Two friends, an actor and a chef, discover a plot to fix a horse race and try to capitalize on it. But they must also deal with the two men who fixed the race, who are trying to silence ...
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Jack Casey used to be a hot-shot stock market whiz kid. After a disastrous professional decision, his life in the fast lane is over. He loses his nerve and joins a speed delivery firm which... See full summary »
Harvey and Gillian Fairchild face a very difficult weekend. Harvey, celebrating his 60th birthday, is stressed and depressed. Gillian is awaiting the results of a throat biopsy. Their lives... See full summary »
Brian's adopted brother is killed when he discovers that the shop he works in sends weapons to Vietnam instead of medications. To the police it looks like suicide, but Brian knows better so... See full summary »
Two friends, an actor and a chef, discover a plot to fix a horse race and try to capitalize on it. But they must also deal with the two men who fixed the race, who are trying to silence them. Then there's the mob boss the two guys work for, who planned the fix, and whose wife is having an affair with the actor.Written by
After Dennis gets into the car Spence takes from the race track, a patrol car comes by. Spence grows nervous and backs out of his parking space before Dennis can exit the car. As Spence backs out and then switches to drive, the shadow of the camera can be seen on the ground. See more »
Your brother could con a leopard out of its stripes.
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"A Fine Mess" is a sloppy comedy from Blake Edwards, director of "Micki + Maude", "Victor/Victoria", "10", and the "Pink Panther" films. I first saw "A Fine Mess" at the theater with my best friend when it first came out. I was only 15 years old at the time, and we laughed our heads off. You would think that today I would find this film to be incredibly stupid. Well, I just watched it again recently, and I still laughed at this movie. That makes "A Fine Mess" a huge guilty pleasure of mine. It's about Ted Danson and Howie Mandel getting mixed up in a fixed horse race, and spend parts of the movie running from two clumsy gangsters (Richard Mulligan and Stuart Margolin) who are responsible for creating this fixed horse race on orders from their mob boss (Paul Sorvino). In the midst of this fine mess they fall in love with beauties Maria Conchita Alonso and Jennifer Edwards (Blake's daughter). This movie was no doubt an embarrassment to Edwards, Danson, Mandel, Sorvino, and especially Mulligan and Margolin. They all make total fools of themselves. But I laughed anyway. It's notable for an appearence by a pre-"NYPD Blue" Dennis Franz and a bit part by a pre-"Babe" James Cromwell. But one thing I'll always remember about "A Fine Mess" is film critic Rex Reed's thrashing of the movie on the movie review show "At the Movies" when he and co-host Bill Harris (taking over for Siskel and Ebert) were reviewing their choices for the worst movies of 1986. Reed started saying quote "Well at least part of the title is accurate. "A Fine Mess". Well it's worse than a mess. It was an all out disaster, and there's nothing fine about it." It was quite obvious that Reed gave "A Fine Mess" no stars. But I give it three stars. I know I shouldn't, but I can't help it. This movie does make me laugh. If you decide to watch this, remember to check your brain at the door.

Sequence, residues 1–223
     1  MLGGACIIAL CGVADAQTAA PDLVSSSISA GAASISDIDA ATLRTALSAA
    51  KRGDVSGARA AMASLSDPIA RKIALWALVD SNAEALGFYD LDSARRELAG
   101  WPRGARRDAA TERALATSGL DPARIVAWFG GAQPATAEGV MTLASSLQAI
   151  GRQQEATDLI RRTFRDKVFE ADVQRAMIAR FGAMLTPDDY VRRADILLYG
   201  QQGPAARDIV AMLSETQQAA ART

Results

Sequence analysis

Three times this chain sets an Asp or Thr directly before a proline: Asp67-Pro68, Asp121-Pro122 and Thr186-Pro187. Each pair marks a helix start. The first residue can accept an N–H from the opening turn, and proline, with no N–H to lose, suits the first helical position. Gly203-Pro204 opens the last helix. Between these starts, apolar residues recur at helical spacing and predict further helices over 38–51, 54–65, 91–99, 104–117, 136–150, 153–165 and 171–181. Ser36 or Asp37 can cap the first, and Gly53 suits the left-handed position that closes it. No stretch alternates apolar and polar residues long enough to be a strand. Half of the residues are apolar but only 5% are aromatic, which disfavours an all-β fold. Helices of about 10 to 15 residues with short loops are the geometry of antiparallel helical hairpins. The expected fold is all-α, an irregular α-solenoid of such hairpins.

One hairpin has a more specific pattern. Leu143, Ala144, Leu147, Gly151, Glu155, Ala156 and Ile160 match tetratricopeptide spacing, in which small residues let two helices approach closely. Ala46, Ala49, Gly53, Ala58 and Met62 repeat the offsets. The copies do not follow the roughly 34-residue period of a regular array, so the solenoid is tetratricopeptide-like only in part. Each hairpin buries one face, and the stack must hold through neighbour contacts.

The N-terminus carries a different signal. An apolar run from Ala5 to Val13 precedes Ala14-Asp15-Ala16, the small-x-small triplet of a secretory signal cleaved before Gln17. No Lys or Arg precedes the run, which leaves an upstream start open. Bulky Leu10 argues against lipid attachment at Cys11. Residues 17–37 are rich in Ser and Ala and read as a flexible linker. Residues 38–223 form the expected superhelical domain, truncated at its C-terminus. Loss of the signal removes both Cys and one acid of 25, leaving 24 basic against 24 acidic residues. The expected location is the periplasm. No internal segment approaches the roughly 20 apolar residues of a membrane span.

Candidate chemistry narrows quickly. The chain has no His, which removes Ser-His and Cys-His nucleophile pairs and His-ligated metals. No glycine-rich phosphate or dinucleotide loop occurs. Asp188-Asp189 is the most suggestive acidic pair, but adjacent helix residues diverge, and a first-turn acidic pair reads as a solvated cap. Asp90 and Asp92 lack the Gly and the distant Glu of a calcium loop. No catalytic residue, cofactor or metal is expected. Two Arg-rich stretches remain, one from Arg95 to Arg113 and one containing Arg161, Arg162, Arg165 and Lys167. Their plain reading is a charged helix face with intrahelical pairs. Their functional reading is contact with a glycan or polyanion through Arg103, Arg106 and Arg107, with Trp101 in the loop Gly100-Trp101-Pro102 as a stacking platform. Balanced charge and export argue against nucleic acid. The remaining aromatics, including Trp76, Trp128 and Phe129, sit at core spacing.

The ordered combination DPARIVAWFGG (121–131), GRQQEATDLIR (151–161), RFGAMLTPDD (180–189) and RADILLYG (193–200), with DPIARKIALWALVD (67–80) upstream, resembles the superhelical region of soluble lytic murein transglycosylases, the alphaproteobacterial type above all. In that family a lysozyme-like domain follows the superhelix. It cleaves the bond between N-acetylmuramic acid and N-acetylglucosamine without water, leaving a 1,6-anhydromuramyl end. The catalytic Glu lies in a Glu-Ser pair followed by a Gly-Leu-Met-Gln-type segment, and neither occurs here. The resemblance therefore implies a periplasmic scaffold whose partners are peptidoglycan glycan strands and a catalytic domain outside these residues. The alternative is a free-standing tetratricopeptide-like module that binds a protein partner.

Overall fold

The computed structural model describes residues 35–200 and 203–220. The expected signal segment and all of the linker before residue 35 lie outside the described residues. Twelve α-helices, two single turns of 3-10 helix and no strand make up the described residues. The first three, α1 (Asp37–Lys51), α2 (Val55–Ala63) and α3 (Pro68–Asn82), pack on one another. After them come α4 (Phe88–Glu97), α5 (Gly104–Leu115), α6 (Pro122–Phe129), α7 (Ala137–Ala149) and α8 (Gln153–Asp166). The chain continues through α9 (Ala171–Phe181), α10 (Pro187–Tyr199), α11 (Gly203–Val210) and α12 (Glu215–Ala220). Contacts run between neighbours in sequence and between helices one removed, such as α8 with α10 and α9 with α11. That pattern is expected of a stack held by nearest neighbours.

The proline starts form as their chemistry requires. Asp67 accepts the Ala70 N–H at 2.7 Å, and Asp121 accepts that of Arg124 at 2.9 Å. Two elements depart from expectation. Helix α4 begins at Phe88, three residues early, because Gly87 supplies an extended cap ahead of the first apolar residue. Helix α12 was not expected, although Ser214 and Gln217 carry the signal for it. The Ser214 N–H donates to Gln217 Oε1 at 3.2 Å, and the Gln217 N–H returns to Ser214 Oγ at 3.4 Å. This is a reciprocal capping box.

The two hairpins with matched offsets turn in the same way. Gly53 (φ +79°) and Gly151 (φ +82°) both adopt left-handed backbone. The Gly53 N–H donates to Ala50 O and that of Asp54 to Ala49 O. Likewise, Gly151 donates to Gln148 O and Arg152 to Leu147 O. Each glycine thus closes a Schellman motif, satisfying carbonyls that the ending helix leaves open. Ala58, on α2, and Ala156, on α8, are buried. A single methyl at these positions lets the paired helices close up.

*** (out of four)
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